HUDSON VALLEY RAIL TRAIL LETTERBOX:

LLOYD-HIGHLAND, NEW YORK

-BIKE IT OR HIKE IT-

Planted:                July 17, 2006

Last Updated;       October 30, 2013

Length:                 Hudson Valley Rail Trail; 3.5 miles   

                       Tony Williams Park to Letterbox; miles

Difficulty:            Easy. Flat, paved rail trail.                            

Directions:

To start from Tony Williams Park; From I-87 (NY State Thruway) take exit 18 to Route 299 east. After about 2 miles, turn right onto New Paltz Rd (Route 12) and travel 0.7 miles to a left hand turn onto South River Rd. Turn right into Tony Williams Park. The trail starts to the left past the basketball courts.

To start from the Hudson Valley Rail Trail Depot parking lot ; From I-87 (NY State Thruway) take exit 18 to Route 299 east. After about 2 miles, turn right onto New Paltz Rd (Route 12). The parking lot will be located next to the right side of the road. You'll see a sign and a large pavilion.

To start from the Walkway Over the Hudson;  From I-87 (NY State Thruway) take exit 18 to Route 299 east. Head south on Route 9W through Highland. Just before the turn off for the Mid-Hudson Bridge turn left down Haviland Rd. The first parking lot on your left is for the HVRT.

The Hudson Valley Rail Trail runs along the former rail bed of the New York, New Haven & Hartford Railroad. The railroad used to cross over the Hudson River via the Poughkeepsie Railroad-Highland Bridge. This bridge, at 6,768 feet long and 212 feet above the river, was hailed as the longest railroad bridge in the world when it was completed in 1888. It served as the only Hudson River train crossing south of Albany, NY until a fire put it out of commission in 1974. Currently this trail travels west from the Walkway Over the Hudson to Tony Williams Park. Future plans call for continuing the trail further west out to Route 299 and eventually connecting into the Wallkill Valley Rail Trail . From the east side of the Walkway Over the Hudson the Dutchess Rail Trail travels southeast to Hopewell Junction. For more information visit; HUDSON VALLEY RAIL TRAIL .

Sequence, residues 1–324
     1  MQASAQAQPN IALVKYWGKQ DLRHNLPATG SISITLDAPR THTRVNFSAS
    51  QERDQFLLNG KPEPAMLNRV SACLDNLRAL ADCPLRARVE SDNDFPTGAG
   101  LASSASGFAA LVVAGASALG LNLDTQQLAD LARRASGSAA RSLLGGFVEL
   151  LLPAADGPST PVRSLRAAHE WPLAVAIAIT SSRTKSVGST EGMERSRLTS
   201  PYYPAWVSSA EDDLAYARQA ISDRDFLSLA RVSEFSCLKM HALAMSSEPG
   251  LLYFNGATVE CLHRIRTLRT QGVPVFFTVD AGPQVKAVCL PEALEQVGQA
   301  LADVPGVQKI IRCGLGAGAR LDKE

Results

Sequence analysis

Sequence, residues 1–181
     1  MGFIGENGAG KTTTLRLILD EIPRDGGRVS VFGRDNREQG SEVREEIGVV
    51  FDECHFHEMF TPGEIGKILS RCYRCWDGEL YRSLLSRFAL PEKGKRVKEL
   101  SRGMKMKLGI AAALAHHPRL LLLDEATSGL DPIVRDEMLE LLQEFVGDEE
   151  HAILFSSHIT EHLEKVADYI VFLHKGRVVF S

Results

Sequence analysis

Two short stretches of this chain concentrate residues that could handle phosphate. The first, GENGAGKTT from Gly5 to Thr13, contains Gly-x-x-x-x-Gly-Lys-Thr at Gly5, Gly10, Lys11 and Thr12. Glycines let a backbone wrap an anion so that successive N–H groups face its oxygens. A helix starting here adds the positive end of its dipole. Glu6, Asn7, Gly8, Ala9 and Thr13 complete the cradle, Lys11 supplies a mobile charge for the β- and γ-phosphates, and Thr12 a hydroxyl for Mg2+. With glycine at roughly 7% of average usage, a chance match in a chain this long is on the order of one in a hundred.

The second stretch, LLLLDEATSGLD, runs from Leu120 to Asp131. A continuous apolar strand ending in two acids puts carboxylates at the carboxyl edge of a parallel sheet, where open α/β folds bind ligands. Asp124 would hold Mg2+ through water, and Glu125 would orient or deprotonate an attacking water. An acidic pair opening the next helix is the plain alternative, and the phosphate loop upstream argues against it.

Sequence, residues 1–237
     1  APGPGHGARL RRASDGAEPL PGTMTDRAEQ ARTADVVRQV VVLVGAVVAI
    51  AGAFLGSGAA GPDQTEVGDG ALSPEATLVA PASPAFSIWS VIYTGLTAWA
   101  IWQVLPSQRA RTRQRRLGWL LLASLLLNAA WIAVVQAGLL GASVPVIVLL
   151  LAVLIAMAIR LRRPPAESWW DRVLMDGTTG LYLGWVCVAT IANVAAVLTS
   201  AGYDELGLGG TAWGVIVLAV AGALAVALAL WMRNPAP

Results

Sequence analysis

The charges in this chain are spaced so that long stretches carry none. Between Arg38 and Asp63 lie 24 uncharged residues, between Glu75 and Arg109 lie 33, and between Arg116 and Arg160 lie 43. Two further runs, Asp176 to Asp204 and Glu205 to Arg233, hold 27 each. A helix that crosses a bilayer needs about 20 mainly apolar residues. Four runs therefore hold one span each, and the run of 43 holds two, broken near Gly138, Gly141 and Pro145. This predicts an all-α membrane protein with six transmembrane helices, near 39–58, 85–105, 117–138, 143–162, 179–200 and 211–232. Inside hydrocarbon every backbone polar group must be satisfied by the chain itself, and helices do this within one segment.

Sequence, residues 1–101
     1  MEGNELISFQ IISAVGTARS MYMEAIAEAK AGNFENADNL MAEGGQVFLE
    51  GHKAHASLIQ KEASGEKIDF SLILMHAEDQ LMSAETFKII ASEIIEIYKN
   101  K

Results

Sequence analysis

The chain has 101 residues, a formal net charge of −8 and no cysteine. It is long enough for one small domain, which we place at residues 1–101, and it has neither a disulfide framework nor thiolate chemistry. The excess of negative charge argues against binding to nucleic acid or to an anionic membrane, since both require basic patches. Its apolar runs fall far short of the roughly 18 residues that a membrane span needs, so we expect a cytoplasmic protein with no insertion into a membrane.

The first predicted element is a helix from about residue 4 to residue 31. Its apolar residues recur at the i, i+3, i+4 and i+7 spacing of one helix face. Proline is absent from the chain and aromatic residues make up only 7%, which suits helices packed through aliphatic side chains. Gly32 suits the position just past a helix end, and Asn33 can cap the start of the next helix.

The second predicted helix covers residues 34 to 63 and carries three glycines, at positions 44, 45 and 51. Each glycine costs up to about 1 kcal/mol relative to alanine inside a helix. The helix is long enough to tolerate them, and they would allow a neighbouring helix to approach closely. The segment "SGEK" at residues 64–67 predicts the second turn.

Starting from the western end of the Walkway Over the Hudson; Restrooms, food vendors and informational boards are located here. Head west along the paved Hudson Valley Rail Trail and you'll quickly come to the HVRT parking lot. An old 1926 red caboose and map board are located here. After traveling through a deep rock cut you travel through two tunnels underneath Mile Hill Rd and Route 9w. A spur trail at 0.6 miles leads to Route 9w. Next a bridge takes you over Routes 44 & 55 bringing you to a small parking lot along Commercial Ave at 1.1 miles. Another map board located here, as well as, an old train signal. The trail opens up along here as a fitness course follows alongside the trail. You'll come to the Hudson Valley Rail Trail Depot parking lot at 2.1 miles. A second 1915 red caboose is located here along with restrooms, a picnic pavilion and water fountain. Continuing along the trail you head back into the woods, underneath an old iron "Farmers Bridge" and through a deep rock cut. Travel through a tunnel underneath New Paltz Rd at 2.5 miles. Look for an old RR signal tower on your right at 2.8 miles. Walk up to the top of the small knoll behind the signal light and turn right. Then walk 18 paces (2 steps = 1 pace) along the knoll up a small hill. A large boulder will be to your right, but you head left 14 paces along the edge towards a stone wall. This should bring you to a double-trunked tree shaped like a V on the opposite side of the wall. A large rock with white quartz should be on top of the stone wall. Just below this rock, remove 2 small rocks blocking a cavity in the wall. Under a flat rock used to keep the box secure is the Hudson Valley Rail Trail Letterbox. Continuing along the trail you'll pass by a silver pole and rail holder (these were used by the railroad to hold extra rails) on your left. Come to a side trail at 3.1 miles for the Black Creek Water Trail. The Black Creek is a Class A protected trout stream and access is a fairly easy scramble down the embankment. Finally you travel along a high berm with steep drop-offs before coming to Tony Williams Park at 3.5 miles. Playground, picnic tables and restrooms located here. Nice views of the rolling hills and Illinois Mountain on your left. Future plans call for continuing the trail out to Route 299 in 2015.

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LETTERBOX LAST VERIFIED ON

NOVEMBER 12, 2016

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